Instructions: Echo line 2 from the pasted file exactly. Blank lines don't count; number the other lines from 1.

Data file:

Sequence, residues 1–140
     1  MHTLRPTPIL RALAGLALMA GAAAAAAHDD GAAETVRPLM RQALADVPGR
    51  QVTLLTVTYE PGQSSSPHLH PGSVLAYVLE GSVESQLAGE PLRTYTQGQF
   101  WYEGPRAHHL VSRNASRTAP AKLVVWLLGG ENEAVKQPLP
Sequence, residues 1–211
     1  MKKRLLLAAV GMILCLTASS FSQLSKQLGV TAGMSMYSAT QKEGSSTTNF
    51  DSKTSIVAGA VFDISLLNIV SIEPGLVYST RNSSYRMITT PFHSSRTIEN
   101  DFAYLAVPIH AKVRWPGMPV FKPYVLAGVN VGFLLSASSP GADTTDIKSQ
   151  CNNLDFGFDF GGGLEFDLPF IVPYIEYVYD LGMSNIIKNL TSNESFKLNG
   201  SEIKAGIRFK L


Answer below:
     1  MHTLRPTPIL RALAGLALMA GAAAAAAHDD GAAETVRPLM RQALADVPGR